Achrugan Plantation – Strathy Forest
Courtesy of North Highland Forest District, Golspie.
This is fairly obviously a local forest working map that was not completed but does show a large part of the new planting in the Achrugan Plantation from 1968 up to 1971. The compartments at the south follow on in sequence from the Dalangwell Plantation and would have been managed and worked by the same forest team. (Open PDF and expand in size if necessary).
At this time Lodgepole pine is annotated as the more modern LP and planted in quite large blocks but mixtures with other species are to be seen here and there. An interesting point shown by the annotations on the map as ‘summer planting’ would indicate that quite substantial areas were planted over the summer months and most likely refer to the use of ‘tube trees’ as the planting stock. In the nursery, single tree seed was sown into small 70mm high plastic tubes filled with potting mixture and grown on in trays of around 300 tubes under green house conditions. Once hardened off outside at around 15-20 weeks the trays of tubes were taken out to the hill and planted with a special planter made out of stainless steel plumbing pipe which pushed the plastic tube and its 50 – 70 mm high seedling into the ploughed peat furrow. A split down the side of the plastic tube allowed the expanding roots and stem to enlarge without too much trouble. Advantage of the system was the very quick production of nursery stock in 20 weeks as against 2-3 years and the extension of the planting season which allowed a small team to plant quite large areas in a year. Unfortunately the little trees were very susceptible to any attention by grouse, sheep or deer and also to being overwhelmed by weed grasses etc. The planting system of pushing into the ground limited the system to deeper, soft peat furrows. Very often the areas had to be extensively beaten up (replacement of dead trees) with normal planting stock in the following years.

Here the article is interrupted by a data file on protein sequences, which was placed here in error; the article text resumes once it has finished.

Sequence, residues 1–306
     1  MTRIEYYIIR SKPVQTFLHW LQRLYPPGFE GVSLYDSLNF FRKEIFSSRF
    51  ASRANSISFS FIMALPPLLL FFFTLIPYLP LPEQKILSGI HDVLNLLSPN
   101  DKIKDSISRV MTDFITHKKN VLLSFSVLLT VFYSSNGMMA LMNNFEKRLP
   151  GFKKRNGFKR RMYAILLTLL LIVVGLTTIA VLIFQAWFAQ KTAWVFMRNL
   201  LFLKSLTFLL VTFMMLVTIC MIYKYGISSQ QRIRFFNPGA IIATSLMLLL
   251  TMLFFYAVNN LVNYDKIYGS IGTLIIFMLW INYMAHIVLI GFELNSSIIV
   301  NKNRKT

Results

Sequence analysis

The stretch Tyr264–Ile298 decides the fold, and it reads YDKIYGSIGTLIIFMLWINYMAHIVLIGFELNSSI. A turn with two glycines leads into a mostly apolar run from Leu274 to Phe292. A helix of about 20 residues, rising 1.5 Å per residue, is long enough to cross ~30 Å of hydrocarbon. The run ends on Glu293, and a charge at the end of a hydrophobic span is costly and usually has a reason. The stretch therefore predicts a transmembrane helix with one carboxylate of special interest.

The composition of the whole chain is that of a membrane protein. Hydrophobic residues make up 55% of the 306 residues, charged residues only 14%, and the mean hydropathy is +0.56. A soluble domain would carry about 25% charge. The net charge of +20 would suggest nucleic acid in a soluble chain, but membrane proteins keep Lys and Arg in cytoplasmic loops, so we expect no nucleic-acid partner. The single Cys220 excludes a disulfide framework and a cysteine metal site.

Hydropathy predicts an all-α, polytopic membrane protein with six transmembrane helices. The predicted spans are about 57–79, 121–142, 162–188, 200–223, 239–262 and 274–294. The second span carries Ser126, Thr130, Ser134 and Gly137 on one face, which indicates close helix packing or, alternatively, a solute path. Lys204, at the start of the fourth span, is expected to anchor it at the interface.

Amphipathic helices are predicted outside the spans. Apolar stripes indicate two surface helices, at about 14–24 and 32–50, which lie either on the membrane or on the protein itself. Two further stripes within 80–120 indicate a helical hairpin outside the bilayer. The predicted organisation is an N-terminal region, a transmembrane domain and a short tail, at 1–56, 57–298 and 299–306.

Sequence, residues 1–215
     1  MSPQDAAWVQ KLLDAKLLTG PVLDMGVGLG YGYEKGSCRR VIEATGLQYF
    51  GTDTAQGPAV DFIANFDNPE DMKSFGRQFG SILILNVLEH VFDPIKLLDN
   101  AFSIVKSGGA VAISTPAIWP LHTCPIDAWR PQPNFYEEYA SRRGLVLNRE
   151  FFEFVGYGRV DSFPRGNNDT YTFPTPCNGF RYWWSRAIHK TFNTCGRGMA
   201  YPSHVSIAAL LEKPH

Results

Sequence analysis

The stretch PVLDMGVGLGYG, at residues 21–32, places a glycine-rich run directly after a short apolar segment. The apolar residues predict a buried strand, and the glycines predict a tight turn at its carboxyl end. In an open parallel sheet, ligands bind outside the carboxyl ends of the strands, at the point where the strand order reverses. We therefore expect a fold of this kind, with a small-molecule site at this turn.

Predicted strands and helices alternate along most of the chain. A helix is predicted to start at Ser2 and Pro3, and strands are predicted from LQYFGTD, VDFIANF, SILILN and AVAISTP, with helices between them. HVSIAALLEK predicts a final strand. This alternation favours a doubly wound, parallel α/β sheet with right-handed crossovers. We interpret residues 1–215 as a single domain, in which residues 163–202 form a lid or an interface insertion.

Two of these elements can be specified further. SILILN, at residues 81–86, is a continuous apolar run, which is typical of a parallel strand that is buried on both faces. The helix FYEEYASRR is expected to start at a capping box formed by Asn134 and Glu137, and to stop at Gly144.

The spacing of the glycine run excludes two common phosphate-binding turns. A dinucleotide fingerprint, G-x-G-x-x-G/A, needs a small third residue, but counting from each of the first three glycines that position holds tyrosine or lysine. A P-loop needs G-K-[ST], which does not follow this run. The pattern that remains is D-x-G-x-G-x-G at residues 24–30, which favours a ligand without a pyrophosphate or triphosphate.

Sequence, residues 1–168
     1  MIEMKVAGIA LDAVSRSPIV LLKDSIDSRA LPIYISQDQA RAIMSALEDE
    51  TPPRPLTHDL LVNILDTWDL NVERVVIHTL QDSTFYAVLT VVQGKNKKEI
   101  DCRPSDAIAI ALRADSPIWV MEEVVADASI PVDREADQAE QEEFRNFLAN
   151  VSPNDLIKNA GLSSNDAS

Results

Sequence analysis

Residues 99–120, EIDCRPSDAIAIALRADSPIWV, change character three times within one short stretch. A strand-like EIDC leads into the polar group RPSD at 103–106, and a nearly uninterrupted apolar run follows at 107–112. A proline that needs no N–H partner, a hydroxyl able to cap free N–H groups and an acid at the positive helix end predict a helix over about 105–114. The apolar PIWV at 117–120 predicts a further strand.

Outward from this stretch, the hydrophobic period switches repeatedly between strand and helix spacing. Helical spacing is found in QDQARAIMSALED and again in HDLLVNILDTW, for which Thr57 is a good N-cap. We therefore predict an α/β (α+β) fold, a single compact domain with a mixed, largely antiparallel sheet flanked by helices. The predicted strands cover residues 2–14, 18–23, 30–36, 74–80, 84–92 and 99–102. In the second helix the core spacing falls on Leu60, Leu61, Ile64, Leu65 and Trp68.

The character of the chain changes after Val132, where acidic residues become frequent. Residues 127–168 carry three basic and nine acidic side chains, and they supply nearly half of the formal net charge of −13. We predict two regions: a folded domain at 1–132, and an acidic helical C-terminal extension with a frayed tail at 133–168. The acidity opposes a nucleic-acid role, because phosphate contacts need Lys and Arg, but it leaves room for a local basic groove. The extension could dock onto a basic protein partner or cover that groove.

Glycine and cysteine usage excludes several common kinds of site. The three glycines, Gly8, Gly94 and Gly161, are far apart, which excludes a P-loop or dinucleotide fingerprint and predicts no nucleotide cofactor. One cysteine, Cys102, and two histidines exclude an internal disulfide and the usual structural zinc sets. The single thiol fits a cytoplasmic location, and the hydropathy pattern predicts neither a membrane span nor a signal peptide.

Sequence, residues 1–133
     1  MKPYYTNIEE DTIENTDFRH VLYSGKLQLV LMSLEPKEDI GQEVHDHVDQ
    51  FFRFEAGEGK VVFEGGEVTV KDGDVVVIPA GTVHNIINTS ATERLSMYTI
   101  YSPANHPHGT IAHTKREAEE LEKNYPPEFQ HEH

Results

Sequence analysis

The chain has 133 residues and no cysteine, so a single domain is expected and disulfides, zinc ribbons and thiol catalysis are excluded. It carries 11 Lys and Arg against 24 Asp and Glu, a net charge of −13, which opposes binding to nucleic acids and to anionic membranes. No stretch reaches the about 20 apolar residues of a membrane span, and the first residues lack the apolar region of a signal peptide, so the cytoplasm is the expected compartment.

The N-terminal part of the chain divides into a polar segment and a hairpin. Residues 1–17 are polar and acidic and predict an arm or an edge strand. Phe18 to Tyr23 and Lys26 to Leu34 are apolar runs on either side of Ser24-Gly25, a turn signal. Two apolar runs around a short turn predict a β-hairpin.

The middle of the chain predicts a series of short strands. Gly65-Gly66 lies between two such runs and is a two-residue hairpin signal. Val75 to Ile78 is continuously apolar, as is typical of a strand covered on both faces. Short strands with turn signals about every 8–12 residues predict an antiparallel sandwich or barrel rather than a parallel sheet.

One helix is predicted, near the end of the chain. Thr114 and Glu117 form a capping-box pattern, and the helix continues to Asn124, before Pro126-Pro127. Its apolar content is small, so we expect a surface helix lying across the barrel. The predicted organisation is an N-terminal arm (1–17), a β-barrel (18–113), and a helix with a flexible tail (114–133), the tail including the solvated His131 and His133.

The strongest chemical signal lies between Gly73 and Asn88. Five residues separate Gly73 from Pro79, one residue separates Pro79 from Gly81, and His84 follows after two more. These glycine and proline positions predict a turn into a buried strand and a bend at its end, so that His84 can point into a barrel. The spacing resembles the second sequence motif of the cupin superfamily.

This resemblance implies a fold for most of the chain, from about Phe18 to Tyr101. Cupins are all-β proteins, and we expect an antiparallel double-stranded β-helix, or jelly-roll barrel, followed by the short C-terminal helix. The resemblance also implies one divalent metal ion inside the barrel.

Note also the use of suffixes to indicate the types of Lodgepole pine being planted, (SC) for South coastal, (NC) for North coastal and (SK) for Skeena River parent tree origins. In the map notes the identification numbers of the original tree seed from Alaska and Canada have been written in some compartments.
Any information on and names of foresters and people who worked in Strathy Forest would be very welcome.
As usual with a national organisation there was a code and procedure convention for mapping of plantations some of which survive in the FC to this day. Acquisition boundaries were edged with a yellow ink (in this case green was used); compartment boundaries (rides) drawn in red ink; the extent of the planting in any year was given a light colour wash, outlined in green ink and the planting year written in green eg P.66; the compartment’s serial number and area in acres was written within the compartment sometimes within a small circle; the areas where different tree species were planted within each compartment were annotated with a species code eg SS (Sitka spruce), LP (Lodgepole pine) etc; different species areas in each compartment had to be separated by a dotted black line; internal fences, streams and other land usually indicated by a solid black line. Map scale was usually 6 inches to the mile.
Note that the annual reporting year and the planting year coincided at this time in that they ran from 1st Oct to 30th Sep. This avoided having an artificial split in the totals for the planting season which ran from November through to May. The Planting Year (PY or just P) was fixed as the first summer following planting and thus trees planted in Nov 55 and May 56 were both annotated P56.
Picture added on 19 September 2012